Embedded engineers can work on anything from a wireless router and mobile phone to a washing machine. Their role is described as "embedded" because it touches code that's part of a device that often includes updated hardware and mechanical parts. Embedded engineers work on a computer system that also has a dedicated function within a larger mechanical or electrical structure. At times, these techs are teamed alongside analog engineers to collaborate on hardware selection, schematic drawings and debugging. They have knowledge of OS such as Windows CE, C++, ThreadX, Linux, writing code, software design and a good grasp of interrupts.
Embedded engineers may perform a review on technical documents and code. They implement detection techniques for errors to improve input and reduce packet loss, as well as planning compression schemes. Embedded engineers can be tasked with creating scalable software systems. They also know about implementing RF signals, as well a testing in CANoe and CANalyzer simulation devices.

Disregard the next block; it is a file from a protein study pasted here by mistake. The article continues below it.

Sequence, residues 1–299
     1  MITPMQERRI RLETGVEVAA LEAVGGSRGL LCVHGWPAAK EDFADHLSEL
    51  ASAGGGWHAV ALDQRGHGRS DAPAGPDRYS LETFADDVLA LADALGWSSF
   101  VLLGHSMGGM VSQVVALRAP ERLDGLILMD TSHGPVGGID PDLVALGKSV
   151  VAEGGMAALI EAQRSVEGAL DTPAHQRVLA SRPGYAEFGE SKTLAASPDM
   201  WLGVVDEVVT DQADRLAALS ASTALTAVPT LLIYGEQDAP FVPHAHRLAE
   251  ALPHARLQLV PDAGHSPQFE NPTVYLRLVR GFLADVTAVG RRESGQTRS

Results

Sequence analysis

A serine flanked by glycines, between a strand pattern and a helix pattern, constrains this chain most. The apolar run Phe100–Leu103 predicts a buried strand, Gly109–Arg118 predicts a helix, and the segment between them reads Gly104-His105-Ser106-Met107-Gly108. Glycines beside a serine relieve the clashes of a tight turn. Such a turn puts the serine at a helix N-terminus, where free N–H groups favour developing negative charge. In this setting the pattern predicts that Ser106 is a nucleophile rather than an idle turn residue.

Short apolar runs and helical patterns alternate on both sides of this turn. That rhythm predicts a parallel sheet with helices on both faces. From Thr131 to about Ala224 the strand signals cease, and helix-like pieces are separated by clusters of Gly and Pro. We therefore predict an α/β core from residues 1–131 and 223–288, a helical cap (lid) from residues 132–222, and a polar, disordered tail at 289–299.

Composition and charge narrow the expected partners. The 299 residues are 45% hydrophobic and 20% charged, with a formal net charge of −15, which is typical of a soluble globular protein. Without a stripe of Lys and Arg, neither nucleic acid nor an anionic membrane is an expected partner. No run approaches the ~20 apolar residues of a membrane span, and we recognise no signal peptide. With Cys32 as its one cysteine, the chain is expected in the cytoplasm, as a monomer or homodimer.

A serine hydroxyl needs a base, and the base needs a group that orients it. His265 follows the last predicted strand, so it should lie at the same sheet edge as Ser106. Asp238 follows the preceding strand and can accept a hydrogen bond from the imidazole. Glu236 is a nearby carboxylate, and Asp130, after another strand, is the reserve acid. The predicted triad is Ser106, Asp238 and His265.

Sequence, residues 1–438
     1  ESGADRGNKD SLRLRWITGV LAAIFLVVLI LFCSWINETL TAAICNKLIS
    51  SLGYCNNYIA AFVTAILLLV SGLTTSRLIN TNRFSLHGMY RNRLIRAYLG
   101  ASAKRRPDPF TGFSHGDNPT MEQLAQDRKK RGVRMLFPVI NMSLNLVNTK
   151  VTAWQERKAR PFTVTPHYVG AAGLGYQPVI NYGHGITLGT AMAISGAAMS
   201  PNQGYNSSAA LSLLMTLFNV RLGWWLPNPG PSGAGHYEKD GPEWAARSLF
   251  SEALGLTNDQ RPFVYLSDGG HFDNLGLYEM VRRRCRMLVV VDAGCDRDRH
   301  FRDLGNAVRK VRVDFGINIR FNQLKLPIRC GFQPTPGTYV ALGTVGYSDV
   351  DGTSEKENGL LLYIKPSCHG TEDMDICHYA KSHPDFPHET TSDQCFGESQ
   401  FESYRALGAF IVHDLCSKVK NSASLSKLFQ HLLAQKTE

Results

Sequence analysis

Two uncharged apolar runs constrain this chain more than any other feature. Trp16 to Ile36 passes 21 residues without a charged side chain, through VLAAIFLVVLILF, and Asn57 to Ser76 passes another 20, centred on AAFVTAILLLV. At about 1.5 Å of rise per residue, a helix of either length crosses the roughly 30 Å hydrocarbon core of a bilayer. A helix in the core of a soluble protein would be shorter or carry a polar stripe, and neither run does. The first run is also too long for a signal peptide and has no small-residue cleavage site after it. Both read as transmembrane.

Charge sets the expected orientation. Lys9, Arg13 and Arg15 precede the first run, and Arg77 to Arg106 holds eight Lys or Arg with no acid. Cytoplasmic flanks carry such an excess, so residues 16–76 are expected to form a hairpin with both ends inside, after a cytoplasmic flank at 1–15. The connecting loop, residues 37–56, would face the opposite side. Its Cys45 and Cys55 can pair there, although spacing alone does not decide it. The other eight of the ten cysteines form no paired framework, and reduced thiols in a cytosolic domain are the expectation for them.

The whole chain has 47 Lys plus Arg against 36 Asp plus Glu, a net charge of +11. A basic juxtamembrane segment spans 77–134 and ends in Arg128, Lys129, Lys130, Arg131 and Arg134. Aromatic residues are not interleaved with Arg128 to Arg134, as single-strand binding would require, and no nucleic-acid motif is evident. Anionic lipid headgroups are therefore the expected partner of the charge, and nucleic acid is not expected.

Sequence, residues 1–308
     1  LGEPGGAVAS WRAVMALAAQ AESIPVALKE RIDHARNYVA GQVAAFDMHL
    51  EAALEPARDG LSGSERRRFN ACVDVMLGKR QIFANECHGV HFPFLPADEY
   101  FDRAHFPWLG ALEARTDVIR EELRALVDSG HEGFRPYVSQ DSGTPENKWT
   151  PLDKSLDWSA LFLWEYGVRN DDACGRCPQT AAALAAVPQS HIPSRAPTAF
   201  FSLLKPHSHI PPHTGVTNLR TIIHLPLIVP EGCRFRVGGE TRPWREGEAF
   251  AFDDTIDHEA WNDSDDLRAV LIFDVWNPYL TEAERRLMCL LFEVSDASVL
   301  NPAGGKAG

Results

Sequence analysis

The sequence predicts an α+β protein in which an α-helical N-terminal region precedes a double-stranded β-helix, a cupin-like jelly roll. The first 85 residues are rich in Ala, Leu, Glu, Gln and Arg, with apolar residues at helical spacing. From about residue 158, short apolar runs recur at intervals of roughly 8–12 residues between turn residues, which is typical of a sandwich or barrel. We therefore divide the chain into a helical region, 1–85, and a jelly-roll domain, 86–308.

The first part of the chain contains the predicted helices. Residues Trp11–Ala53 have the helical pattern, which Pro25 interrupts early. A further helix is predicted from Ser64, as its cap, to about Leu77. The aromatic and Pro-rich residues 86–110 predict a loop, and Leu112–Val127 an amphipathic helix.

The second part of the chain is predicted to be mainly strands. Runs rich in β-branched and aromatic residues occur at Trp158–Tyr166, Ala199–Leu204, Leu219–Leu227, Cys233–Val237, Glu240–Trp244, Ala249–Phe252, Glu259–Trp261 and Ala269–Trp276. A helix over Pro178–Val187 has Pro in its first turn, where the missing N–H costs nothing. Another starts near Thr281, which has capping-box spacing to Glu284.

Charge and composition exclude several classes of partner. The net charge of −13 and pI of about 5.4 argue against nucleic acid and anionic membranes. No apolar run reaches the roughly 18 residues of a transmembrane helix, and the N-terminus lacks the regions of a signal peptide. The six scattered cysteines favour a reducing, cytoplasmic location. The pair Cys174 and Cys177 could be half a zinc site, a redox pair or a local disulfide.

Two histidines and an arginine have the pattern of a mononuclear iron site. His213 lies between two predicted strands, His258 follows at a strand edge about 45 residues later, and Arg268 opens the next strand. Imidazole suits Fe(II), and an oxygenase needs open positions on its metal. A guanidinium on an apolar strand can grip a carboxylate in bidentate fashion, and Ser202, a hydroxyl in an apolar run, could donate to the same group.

Washington, D.C. has an economy that's constantly growing. It's structure is built on government, as well as education and tourism. Washington has 176 foreign embassies and plenty of political organizations. The city is expanding in tech and has a large number of venture capital firms to help startups take off.
Being the nation's capital, D.C. has tourists that come from miles around to visit the museums and other attractions, including the Lincoln Memorial, the White House and the Smithsonian. It has plenty of events during the year, like the popular Cherry Blossom Festival.
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